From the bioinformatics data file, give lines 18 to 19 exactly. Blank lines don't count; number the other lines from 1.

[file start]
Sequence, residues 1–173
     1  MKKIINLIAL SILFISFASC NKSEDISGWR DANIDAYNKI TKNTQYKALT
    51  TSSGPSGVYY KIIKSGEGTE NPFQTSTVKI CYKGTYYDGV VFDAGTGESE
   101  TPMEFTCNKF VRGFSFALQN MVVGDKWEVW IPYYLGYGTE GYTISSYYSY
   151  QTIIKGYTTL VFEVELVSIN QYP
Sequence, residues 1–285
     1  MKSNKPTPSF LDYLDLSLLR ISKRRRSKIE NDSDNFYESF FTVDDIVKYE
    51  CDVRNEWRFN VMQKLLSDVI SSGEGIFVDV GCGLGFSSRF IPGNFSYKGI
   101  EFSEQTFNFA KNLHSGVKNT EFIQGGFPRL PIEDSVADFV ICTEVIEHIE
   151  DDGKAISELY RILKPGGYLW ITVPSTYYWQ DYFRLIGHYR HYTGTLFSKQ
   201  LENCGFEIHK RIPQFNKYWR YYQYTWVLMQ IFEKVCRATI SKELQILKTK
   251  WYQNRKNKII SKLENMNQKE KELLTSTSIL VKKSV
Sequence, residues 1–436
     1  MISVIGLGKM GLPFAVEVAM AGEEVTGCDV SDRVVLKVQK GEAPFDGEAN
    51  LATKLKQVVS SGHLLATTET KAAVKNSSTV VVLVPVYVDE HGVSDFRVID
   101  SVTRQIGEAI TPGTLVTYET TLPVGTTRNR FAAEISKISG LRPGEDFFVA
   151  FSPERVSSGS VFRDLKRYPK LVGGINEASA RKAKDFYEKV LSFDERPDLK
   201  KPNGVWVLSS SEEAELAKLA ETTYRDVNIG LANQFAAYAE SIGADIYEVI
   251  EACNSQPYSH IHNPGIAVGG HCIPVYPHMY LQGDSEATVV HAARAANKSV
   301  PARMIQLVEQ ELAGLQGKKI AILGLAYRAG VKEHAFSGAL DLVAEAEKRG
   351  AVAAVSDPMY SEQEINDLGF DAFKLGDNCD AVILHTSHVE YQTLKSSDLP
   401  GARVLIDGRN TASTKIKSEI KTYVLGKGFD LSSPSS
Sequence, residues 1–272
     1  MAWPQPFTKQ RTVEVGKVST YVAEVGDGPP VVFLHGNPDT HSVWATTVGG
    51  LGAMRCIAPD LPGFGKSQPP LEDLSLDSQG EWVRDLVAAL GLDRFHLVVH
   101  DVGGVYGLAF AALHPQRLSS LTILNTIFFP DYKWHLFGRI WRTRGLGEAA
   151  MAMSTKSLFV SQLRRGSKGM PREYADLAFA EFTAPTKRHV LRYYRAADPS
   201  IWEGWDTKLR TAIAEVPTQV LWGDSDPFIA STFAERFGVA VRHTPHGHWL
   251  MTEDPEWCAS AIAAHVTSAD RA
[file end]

   201  KPNGVWVLSS SEEAELAKLA ETTYRDVNIG LANQFAAYAE SIGADIYEVI
   251  EACNSQPYSH IHNPGIAVGG HCIPVYPHMY LQGDSEATVV HAARAANKSV